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McGill Newsroom McGill, UCLA study of low- and middle-income countries shows paid maternity leave policies could help prevent infant deaths For each additional month of paid maternity leave offered in low- and middle-income countries (LMICs), infant mortality is reduced by 13%, according to a new study by researchers from McGill University and UCLA Fielding School of Public Health.
McGill Newsroom Policy experts advocate mutual recognition for reviews of data-intensive international research Genomic research holds great potential to advance human health and medicine. But for the millions of data points now being collected through large-scale sequencing efforts to be truly valuable, they must be analyzed in aggregate and shared across institutions and jurisdictions. This raises many challenges, including navigation of complex ethics-approval processes at multiple sites and in multiple jurisdictions.
McGill Newsroom Canadian drug safety network provides reassuring evidence regarding risk of heart failure of anti-diabetes medications Incretin-based drugs, a type of medication used to treat type 2 diabetes, do not increase the risk of being hospitalized for heart failure relative to commonly used combinations of oral anti-diabetic drugs, according to a new study published in the New England Journal of Medicine.
McGill Newsroom Quebec’s recently unveiled provincial budget includes one new line-item that means a lot for McGill research.
By Cynthia Lee, McGill Newsroom Life in the city changes cognition, behavior and physiology of birds to their advantage Birds living in urban environments are smarter than birds from rural environments. But, why do city birds have the edge over their country friends? They adapted to their urban environments enabling them to exploit new resources more favorably than their rural counterparts, say a team of all-McGill University researchers.
By Chris Chipello, McGill Newsroom Study reveals how wind patterns change along with sea-surface temperatures Shifting winds may explain why long-term fluctuations in North Atlantic sea surface temperatures have no apparent influence on Europe’s wintertime temperatures. The findings, published in Nature Communications, could also have implications for how Europe’s climate will evolve amid global warming.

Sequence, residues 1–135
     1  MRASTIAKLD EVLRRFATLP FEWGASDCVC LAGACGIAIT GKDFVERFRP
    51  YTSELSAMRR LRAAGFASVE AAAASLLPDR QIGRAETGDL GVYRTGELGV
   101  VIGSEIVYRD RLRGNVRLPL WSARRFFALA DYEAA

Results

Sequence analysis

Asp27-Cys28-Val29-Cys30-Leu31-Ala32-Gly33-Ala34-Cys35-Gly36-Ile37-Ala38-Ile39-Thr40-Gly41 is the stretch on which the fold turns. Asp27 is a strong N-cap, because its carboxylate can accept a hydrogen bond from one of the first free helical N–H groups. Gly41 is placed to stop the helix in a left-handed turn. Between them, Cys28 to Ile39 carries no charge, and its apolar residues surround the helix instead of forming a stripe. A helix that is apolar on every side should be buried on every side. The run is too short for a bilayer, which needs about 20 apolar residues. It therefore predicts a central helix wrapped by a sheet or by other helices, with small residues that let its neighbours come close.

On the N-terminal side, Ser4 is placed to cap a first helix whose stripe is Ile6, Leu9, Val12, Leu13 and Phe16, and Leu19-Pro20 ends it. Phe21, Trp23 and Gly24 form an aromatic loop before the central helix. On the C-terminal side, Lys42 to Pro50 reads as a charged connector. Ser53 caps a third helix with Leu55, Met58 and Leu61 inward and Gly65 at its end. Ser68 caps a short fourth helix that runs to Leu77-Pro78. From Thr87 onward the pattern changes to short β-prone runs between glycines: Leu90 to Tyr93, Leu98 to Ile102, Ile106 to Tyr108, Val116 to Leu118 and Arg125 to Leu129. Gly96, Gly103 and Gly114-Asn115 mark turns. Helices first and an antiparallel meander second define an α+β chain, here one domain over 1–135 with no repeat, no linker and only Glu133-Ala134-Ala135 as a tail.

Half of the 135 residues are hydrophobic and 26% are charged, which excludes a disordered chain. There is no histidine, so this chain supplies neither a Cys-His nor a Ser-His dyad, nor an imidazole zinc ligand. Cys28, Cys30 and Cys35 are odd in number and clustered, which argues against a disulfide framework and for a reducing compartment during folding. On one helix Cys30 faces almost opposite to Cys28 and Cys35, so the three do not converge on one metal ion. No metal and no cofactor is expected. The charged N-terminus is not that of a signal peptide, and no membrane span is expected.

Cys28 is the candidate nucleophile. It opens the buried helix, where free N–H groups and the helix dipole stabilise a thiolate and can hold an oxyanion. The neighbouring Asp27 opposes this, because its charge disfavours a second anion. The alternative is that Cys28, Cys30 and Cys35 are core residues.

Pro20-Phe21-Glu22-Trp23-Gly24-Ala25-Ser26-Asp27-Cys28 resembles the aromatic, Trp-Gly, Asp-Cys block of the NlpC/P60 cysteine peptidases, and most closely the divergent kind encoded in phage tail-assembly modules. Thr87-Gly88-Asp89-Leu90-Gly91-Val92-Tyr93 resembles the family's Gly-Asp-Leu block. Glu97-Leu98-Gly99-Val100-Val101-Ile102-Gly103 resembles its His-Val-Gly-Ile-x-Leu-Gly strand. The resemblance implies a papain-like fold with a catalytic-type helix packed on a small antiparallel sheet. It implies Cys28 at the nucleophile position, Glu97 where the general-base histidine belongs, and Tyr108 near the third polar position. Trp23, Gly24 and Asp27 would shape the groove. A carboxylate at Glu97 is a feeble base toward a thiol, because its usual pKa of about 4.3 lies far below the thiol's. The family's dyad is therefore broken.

By Cynthia Lee, McGill Newsroom A move toward plant-based feeds alters the environmental footprint of farm-raised seafood, may change levels of healthy fatty acids in these fish
By Julie Robert, McGill University Health Centre Millions of people today take statins to help lower their cholesterol level.
By Maya-Olivia Eyssen, Montreal Neurological Institute and Hospital Montreal high school students to take part in brain quiz.
By Julie Robert, McGill University Health Centre Hip fractures are one of the most common injuries sustained by the elderly population following a fall.
By Chris Chipello, McGill Newsroom Astronomers for the first time detect repeat ‘fast radio bursts’ from same sky location Astronomers for the first time have detected repeating short bursts of radio waves from an enigmatic source that is likely located well beyond the edge of our Milky Way galaxy. The findings indicate that these “fast radio bursts” come from an extremely powerful object which occasionally produces multiple bursts in under a minute.
"Mr. Davidson, who died on Dec. 24 at 65, used sophisticated microscopes to create stunning, psychedelic images of crystallized substances like DNA and hormones, and he contributed to Nobel Prize-honored research about the inner workings of cells. His images were on the covers of scientific journals and, as unlikely as it might seem, on neckwear" states the NY Times. Read the full New York Times article here.
By Katherine Gombay, McGill Newsroom McGill is proud to announce that five researchers have been awarded over $2.4 million in NSERC Strategic Partnership Grants for 2016.
By Chris Chipello, McGill Newsroom Could a cheap molecule used to disinfect swimming pools provide the key to creating a new form of DNA nanomaterials?
By Katherine Gombay, McGill Newsroom The substance that provides energy to all the cells in our bodies, Adenosine triphosphate (ATP), may also be able to power the next generation of supercomputers.